316 pp., 6.125 x 9.25, 12 color plates., 90 halftones, notes, index
Small Towns in American Memory, Space, and Community
For more than a century, the term "Main Street" has conjured up nostalgic images of American small-town life. Representations exist all around us, from fiction and film to the architecture of shopping malls and Disneyland. All the while, the nation has become increasingly diverse, exposing tensions within this ideal. In The Death and Life of Main Street, Miles Orvell wrestles with the mythic allure of the small town in all its forms, illustrating how Americans continue to reinscribe these images on real places in order to forge consensus about inclusion and civic identity, especially in times of crisis.
Orvell underscores the fact that Main Street was never what it seemed; it has always been much more complex than it appears, as he shows in his discussions of figures like Sinclair Lewis, Willa Cather, Frank Capra, Thornton Wilder, Margaret Bourke-White, and Walker Evans. He argues that translating the overly tidy cultural metaphor into real spaces--as has been done in recent decades, especially in the new urbanist planned communities of Elizabeth Plater-Zyberk and Andres Duany--actually diminishes the communitarian ideals at the center of this nostalgic construct. Orvell investigates the way these tensions play out in a variety of cultural realms and explores the rise of literary and artistic traditions that deliberately challenge the tropes and assumptions of small-town ideology and life.
"Highly recommended. Upper-level undergraduates and above."
"Bold and provocative. Orvell shows how Main Street as an ideology has been suffused with the values of consumerism, thus undercutting the personal bonds originally associated with the term."
--Howard Gillette Jr., Rutgers University-Camden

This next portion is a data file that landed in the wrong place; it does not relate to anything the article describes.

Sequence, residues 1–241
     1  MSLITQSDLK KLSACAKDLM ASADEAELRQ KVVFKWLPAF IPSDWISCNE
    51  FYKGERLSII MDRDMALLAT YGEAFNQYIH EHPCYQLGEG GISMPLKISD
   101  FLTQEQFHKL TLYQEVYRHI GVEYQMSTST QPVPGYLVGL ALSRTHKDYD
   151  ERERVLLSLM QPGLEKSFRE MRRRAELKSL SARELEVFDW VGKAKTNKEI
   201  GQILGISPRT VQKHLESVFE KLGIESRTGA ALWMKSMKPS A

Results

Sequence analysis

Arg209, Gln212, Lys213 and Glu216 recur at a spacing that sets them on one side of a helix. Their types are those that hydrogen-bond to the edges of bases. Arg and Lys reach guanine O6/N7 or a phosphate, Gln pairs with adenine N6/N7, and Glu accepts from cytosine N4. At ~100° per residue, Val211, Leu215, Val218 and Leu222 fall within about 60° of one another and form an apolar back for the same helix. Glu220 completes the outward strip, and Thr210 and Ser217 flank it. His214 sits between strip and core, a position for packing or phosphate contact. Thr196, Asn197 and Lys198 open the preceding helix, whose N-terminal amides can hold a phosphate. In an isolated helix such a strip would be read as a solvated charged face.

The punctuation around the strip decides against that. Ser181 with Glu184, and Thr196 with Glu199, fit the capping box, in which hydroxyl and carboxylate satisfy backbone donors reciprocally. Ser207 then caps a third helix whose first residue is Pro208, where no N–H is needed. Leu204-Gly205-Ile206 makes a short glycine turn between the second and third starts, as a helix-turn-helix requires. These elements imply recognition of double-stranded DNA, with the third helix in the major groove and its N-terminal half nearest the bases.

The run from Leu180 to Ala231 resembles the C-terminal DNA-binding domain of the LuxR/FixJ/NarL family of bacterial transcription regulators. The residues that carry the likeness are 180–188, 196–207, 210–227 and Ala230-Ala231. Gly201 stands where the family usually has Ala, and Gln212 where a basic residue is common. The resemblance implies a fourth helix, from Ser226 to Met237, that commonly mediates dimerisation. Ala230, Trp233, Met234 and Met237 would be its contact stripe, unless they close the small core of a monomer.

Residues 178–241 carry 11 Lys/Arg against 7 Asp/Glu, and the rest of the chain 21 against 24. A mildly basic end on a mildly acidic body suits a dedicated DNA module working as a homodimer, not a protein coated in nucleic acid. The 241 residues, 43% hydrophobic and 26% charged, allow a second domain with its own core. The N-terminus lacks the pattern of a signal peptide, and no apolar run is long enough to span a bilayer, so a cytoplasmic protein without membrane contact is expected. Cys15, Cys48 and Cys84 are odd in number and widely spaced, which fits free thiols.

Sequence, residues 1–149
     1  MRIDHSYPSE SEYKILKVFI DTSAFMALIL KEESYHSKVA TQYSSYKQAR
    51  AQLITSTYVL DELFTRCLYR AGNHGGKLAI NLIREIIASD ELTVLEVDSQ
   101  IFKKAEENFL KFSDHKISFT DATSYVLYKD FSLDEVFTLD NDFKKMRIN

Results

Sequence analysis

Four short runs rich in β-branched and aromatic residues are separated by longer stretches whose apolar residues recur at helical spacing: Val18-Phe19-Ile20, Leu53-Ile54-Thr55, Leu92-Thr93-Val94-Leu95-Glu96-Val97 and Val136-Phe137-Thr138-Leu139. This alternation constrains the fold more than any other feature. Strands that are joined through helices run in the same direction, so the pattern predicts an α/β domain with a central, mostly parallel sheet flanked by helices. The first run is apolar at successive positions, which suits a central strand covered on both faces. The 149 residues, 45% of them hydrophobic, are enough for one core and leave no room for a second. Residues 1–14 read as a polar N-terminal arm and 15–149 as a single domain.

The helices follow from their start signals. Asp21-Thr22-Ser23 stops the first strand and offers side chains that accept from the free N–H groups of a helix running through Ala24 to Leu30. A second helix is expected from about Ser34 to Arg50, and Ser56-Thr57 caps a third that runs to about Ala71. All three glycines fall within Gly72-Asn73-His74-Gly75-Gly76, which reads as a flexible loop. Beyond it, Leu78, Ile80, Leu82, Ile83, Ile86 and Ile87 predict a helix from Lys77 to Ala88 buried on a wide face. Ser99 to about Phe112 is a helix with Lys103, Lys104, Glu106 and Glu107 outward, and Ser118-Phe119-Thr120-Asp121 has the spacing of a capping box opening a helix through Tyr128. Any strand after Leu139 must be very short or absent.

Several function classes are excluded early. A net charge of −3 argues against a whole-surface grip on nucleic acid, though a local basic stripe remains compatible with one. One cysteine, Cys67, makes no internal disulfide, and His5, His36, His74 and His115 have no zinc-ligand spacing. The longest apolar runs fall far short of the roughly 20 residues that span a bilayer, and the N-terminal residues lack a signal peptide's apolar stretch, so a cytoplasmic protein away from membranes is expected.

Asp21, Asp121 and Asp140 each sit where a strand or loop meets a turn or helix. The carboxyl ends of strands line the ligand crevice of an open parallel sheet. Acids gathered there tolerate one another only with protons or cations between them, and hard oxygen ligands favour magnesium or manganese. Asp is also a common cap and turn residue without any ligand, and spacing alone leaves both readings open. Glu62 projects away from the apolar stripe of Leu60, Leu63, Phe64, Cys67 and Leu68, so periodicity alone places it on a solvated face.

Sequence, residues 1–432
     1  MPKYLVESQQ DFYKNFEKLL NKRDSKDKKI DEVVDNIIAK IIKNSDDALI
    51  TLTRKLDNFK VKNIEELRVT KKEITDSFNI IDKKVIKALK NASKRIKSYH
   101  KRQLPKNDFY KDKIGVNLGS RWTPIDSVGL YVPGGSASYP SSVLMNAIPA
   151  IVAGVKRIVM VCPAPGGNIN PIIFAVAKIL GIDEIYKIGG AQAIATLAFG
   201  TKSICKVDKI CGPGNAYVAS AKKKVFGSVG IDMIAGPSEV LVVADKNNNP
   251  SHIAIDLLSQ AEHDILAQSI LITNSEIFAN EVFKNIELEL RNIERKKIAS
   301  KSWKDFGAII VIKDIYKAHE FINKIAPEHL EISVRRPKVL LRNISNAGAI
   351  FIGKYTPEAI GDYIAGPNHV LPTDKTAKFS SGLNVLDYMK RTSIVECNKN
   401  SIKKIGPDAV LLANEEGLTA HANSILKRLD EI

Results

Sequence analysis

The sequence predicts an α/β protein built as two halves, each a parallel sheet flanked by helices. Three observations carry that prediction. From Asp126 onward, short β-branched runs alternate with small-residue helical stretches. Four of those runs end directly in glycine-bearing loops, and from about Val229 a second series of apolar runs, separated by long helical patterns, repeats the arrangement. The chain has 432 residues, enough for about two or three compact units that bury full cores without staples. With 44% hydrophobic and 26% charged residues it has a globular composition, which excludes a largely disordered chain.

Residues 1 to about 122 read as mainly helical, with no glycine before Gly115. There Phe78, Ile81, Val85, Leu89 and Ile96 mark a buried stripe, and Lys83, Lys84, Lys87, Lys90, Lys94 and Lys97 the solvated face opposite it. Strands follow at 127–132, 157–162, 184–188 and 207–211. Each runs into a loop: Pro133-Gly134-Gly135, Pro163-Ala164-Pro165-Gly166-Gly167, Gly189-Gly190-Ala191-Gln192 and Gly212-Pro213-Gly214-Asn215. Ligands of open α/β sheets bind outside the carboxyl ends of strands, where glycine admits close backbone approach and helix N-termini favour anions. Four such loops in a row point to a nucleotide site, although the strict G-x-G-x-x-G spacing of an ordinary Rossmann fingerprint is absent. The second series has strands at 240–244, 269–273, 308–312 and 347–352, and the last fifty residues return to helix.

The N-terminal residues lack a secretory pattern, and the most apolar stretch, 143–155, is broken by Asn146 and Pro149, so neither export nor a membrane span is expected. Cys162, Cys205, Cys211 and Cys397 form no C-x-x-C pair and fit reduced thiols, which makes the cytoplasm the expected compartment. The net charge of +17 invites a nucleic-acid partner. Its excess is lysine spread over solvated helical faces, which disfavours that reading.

"Orvell brilliantly reveals the complex national governing myth (and the realities) of Main Street America. This book offers a fresh look at Main Street, highlighting its racial, class- and gender-based faultlines and featuring the voices that have vied to sustain or subvert it--literary, historical, urbanist, corporate. A splendid achievement."
--Cecelia Tichi, Vanderbilt University
"Miles Orvell examines the American Main Street as both history and ideology, as both a visual convention and a controversial symbol, as the lost space of the past and a source of inspiration for new urban experiments. Throughout, this book is a tour de force of interdisciplinary research and an exemplary work in American Studies."
--Professor David E. Nye, author of American Technological Sublime
"In this clear-eyed and lively history of one of the most enduring icons of American life, Miles Orvell shows how Main Street as a concept has simultaneously attracted and repelled Americans, offering them both an imaginary homeland and a spiritual wasteland. While some have yearned to “get back” to the supposed innocence and small-town virtues of Main Street,others have decried its suffocating conformity. Orvell brilliantly reconsiders such figures as Walt Whitman, Walt Disney, Henry Ford, Sinclair Lewis, Frank Capra, Norman Rockwell, Robert and Helen Lynd, and Jane Jacobs, whose famous disquisition on the American metropolis Orvell alludes to in his title. This book shows why exiles on Main Street, along with more contented inhabitants, can never let it go."
--David M. Lubin, Wake Forest University
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